Cho Cho San

Saturday, 23 August 2014

Jonathan Barthlemess and his assembled A-team have taken Macleay St by storm, again. This time with a touch of Japanese flair, Cho Cho San has taken over the former Shogun restaurant site replacing old world Japanese with new. Potts Point has always been a delectable melting pot of restaurants and bars so a new opening like this is always looked keenly upon. Strolling towards the restaurant, CCS is lit up like a beacon, attracting hipsters like moths to a flame. The media has certainly done a great job creating a stir around this place. I was almost surprised not to see a mob at the door clamouring to get in.

Skipping straight to dessert! The rather lush steamed yuzu pudding, perfect for this cool blustery weather. The yuzu in this dish served as a little palette cleanser. Topped with cream to seal the deal

Let me just put it out there that this is a gorgeous restaurant, with minimalist hues of white, birch ply and bare concrete. Employing once again, the services of interior designer George Livissianis who has rendered one of the most photogenic restaurants in town. The backlit ceiling is punctuated with perforated beams which hide the air conditioning and audio system, also acting as sound absorbers. The soundtrack, as if straight from my own playlist (weird) features SBTRKT, Glass Animals and Lorde. So far, CCS is getting big ticks.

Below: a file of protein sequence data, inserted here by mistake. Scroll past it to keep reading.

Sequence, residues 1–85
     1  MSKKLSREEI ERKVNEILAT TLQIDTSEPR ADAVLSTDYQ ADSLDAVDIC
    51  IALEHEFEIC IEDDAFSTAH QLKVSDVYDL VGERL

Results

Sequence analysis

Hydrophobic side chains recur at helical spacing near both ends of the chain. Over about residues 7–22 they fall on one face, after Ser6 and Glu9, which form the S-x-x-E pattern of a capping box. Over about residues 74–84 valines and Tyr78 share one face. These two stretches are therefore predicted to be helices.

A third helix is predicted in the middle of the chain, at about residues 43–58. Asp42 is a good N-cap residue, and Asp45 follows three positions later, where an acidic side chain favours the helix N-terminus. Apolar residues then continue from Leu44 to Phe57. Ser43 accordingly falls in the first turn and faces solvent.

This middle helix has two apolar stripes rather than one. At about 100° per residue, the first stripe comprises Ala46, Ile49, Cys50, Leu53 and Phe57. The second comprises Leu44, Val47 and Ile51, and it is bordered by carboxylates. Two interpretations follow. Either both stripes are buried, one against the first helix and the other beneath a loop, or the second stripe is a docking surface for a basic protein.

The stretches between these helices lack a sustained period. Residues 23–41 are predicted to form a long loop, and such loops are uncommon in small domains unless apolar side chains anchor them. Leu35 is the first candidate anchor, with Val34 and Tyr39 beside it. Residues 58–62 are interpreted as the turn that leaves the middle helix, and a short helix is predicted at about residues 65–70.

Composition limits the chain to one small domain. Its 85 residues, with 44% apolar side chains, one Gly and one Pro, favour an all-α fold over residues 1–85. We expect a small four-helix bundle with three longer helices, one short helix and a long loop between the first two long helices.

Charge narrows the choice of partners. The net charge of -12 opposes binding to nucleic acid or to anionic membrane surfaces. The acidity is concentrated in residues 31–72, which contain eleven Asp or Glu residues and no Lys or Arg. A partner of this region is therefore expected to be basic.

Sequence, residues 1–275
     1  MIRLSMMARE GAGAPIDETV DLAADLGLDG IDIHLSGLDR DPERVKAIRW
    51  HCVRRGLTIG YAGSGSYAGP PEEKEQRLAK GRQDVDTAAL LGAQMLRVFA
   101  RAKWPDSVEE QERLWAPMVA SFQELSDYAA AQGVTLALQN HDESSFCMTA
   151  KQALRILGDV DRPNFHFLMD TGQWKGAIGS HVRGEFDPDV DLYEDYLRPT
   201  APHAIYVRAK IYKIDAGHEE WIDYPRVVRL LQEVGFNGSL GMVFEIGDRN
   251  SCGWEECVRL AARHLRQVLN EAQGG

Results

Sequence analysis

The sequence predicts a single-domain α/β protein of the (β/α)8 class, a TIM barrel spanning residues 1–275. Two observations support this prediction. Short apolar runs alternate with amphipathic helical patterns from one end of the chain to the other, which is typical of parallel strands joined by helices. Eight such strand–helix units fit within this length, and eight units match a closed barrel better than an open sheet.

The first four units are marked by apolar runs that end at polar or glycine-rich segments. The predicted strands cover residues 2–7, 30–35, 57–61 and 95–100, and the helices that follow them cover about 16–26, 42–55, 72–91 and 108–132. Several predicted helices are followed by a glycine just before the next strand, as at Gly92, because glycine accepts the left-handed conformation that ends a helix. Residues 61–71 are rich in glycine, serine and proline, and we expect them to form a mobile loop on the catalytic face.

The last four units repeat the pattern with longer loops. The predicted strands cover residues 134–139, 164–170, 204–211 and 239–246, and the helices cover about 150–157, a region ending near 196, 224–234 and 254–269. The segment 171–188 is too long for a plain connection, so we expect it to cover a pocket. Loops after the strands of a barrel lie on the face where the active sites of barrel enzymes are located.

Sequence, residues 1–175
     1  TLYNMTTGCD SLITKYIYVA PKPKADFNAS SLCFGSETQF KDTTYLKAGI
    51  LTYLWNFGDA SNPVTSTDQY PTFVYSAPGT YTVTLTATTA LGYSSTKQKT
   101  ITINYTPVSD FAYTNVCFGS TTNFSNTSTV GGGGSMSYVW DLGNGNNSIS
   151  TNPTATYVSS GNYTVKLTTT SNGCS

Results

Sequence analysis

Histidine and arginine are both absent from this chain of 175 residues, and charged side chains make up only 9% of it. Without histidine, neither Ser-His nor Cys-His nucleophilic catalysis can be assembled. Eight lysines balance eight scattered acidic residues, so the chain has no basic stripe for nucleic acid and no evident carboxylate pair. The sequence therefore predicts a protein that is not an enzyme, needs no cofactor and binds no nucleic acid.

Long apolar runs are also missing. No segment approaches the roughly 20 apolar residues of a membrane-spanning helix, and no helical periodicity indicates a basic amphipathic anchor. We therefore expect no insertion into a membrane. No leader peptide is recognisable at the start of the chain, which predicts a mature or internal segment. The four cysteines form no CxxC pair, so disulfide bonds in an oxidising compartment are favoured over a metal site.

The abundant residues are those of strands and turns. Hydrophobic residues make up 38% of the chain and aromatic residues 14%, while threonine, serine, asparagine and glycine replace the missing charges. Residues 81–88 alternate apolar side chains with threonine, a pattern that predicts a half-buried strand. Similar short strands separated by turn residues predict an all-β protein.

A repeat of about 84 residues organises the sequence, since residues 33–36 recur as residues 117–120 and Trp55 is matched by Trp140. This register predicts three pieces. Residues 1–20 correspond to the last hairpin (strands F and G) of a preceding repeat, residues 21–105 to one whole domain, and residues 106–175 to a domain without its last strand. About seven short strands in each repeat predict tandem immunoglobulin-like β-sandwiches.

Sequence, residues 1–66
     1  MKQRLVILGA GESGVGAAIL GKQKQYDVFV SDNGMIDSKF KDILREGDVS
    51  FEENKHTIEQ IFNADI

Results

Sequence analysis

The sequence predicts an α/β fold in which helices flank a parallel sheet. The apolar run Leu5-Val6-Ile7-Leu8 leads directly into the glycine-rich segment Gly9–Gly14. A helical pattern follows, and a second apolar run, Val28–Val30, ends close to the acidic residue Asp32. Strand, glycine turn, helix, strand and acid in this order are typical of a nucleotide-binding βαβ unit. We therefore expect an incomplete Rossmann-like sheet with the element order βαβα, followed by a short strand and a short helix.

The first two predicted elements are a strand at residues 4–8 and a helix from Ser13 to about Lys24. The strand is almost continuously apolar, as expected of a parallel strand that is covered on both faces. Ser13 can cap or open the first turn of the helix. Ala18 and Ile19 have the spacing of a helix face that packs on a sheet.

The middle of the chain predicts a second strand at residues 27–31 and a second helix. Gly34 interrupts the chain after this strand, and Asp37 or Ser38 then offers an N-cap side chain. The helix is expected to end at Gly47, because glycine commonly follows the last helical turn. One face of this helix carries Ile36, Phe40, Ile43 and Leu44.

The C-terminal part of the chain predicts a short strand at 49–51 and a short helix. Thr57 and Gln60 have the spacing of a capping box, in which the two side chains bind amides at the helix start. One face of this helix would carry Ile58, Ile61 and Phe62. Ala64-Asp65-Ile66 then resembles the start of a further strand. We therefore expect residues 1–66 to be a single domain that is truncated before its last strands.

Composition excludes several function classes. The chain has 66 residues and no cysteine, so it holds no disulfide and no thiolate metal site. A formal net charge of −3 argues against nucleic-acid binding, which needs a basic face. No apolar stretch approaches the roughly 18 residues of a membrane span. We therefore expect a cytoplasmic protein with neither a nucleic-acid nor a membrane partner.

The geometry of the table settings; the food is certainly designed to share

Following the successes of The Apollo, Cho Cho San takes loose inspiration from Japanese cuisine which has been rejigged into something rather new and exciting. Combining the very best seafood Australia has to offer with more traditional techniques of pickling (all. the. rage.) and grilling over a hibachi; Barthelmess has created a menu that is adaptable. Be it for some casual drinks at the bar with snacks or a veritable feast, it all works. Mind you, the good stuff doesn't come cheap (but what does in Sydney these days). What's more, they open 7 days so you can maximise your chances of getting a table (so not kidding here). Failing that they're also open for lunch Fri-Sun. 

Down the barrel, communal dining at its best. The bar seats have little bag hooks so all your devices are within easy reach, haha Credit: Hayley Morgan for Two Thousand

Already, in its early days there are some crowd favourites. I had read the high praise for the fried chicken alone (done) in Gourmet Traveller and seen their soft-serve cones all over Instagram and the like. Initially a vibrant green tea version, the ice cream and the menu have had a few seasonal tweaks to change things up. The service was excellent, and staff were happy to accommodate for dietary requirements at the table. It was all good fun going through the procession of dishes we had ordered (crazies), almost like a custom degustation. Roll up!